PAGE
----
Teacher misconduct: The prohibition of teachers

In June 2013 the Department for Education announced an intention to revise advice for Teacher Misconduct.

The intention was to clarify the Department’s expectation that any sexual misconduct and any criminal conviction or caution which involved the indecent images of children would be likely to lead to a prohibition. The Department conducted an eight week consultation at the end of last summer in which they invited respondents to offer their views on the proposed changes and the content of the prohibition advice more generally.

The new advice, updated on 17th January 2014, is available by clicking here.

What is a Prohibition Order?

A prohibition order means that the individual concerned is not allowed to undertake unsupervised teaching work in schools, or other set-ups defined under the regulations. Once an individual is prohibited, their details will appear on a Prohibited List, which is administered by the National College for Teaching & Leadership (NCTL) and can be accessed by current and future employers, free of charge.

What are the grounds for making a prohibition?

The Department of Education’s advice states that Prohibition Orders are likely to be appropriate where the behaviour of the individual concerned is wholly incompatible with being a teacher. The primary purpose is the protection of pupils and the maintenance of public confidence in the profession.

The teacher prohibition regime comprises sections 141A to 141E of the Education Act 2002 under Schedule 11 of the Act. These were inserted under Section 8 of the Education Act 2011. In addition the Teachers’ Disciplinary (England) Regulations 2012 apply. In short these work to provide that the Secretary of State may, following an investigation, prohibit a teacher from carrying out teaching work (see section 141B EA 2002).

A professional conduct panel will consider the evidence before it and must answer three questions in deciding whether to impose a prohibition order. These are as follows:-

(i) Have the facts of the case been proven?

The panel must decide, on the balance of probabilities, that the facts of the case have been proven, i.e the panel believes that the occurrence of the event was more likely than not. Where there is evidence of a criminal conviction then the panel will not re-examine the facts of the case and conviction will stand as conclusive proof on the relevant facts. A Police caution will also carry considerable weight, but will not be conclusive. Only once the panel is satisfied about the facts of the case should they continue to consider the next question.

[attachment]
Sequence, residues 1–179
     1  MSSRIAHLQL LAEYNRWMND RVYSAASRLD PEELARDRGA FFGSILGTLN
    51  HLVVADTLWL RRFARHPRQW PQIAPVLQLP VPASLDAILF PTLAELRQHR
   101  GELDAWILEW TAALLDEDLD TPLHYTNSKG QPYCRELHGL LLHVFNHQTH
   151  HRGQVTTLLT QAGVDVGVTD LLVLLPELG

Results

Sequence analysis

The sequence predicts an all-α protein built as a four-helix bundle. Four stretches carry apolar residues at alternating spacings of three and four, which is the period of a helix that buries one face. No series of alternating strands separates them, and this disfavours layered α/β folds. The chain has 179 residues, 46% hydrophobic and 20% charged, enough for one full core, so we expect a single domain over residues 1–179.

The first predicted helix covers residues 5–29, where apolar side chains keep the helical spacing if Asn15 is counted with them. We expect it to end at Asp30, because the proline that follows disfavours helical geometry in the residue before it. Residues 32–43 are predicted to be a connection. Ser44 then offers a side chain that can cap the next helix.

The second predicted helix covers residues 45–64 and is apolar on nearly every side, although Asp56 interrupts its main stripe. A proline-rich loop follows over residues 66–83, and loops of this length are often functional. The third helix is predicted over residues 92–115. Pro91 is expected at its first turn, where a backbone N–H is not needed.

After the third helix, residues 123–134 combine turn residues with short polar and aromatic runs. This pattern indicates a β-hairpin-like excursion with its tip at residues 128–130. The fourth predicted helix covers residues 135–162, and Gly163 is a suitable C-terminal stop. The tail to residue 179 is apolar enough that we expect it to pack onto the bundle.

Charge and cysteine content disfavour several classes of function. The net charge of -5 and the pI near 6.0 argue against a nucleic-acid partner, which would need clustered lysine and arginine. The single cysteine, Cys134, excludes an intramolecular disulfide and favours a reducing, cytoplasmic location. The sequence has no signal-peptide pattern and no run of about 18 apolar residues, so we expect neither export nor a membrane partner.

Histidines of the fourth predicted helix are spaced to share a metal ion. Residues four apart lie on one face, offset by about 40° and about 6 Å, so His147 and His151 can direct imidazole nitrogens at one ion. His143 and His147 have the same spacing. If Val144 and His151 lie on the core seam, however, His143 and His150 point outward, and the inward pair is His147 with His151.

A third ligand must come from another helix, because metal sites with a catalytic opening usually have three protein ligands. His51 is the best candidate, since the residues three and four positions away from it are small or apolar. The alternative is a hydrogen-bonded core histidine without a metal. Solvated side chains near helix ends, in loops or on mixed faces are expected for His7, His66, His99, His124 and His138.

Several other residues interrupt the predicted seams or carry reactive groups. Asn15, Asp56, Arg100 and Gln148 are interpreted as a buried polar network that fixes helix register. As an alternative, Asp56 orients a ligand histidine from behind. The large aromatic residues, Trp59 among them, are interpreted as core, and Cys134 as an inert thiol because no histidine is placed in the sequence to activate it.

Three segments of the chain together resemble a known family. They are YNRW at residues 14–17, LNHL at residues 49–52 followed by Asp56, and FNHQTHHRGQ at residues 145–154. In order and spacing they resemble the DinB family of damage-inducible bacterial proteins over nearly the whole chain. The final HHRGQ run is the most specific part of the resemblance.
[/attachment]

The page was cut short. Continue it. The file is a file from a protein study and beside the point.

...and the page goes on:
(ii) Has there been a) unacceptable professional conduct; b) conduct that may bring the profession into disrepute; or c) a conviction, at any time, of a relevant offence?

Detailed considerations of the three categories is given in the prohibition advice at pages 6-9.

(iii) Is a prohibition order appropriate?

If the panel finds any of the matters at point (ii) are applicable, then they must make a judgement upon whether to recommend the imposition of a prohibition order by the Secretary of State. Here the panel must consider what is in the public interest, whilst also weighing up whether an order would be appropriate and proportionate in the circumstances.

The panel should consider any mitigating factors, for example whether the teacher was acting under duress, that their actions were not deliberate or that they have a previously good history. Each case is to be judged on its own merits.

Having considered the above factors, a panel will then make a recommendation to the Secretary of State as to whether or not a prohibition should be made. Once a recommendation is received by the NCTL they will decide, within two working days, whether or not to impose the order. The teacher will be notified in writing before this is made public.

Whilst a prohibition order applies for life, it is possible that an order can be reviewed after a period of time. It should be noted that a review is not an appeal; thus the initial evidence will not be reconsidered. A teacher can appeal against a prohibition order within 28 days of the notice being served upon them. This must be done in compliance with Part 52 of the Civil Procedure Rules. Finally, it should be noted that interim prohibition orders may also be applied and these prevent the individual from teaching until their case has been fully considered and concluded.

The New Advice

In essence the updated advice clarifies the Department of Education’s expectation that sexual misconduct and criminal convictions, or cautions, which involve indecent images of children will likely lead to prohibition, save in the most exceptional of cases.

In particular, guidance is given on the consideration of cautions and convictions and these are explicitly set out in the advice at pages 6-8. Furthermore, sexual misconduct is carefully defined. Finally, it is now clear that any behaviour associated with an offence listed at page 8 of the advice, but which did not itself result in a conviction, will still be relevant for the purposes of assessing professional conduct and whether the teacher has brought the profession into disrepute.

If you would like any further information, please get in touch:

E: info@rlb-law.com
E: 020 7227 7040


Disclaimer

This briefing is for guidance purposes only. RadcliffesLeBrasseur accepts no responsibility or liability whatsoever for any action taken or not taken in relation to this note and recommends that appropriate legal advice be taken having regard to a client's own particular circumstances.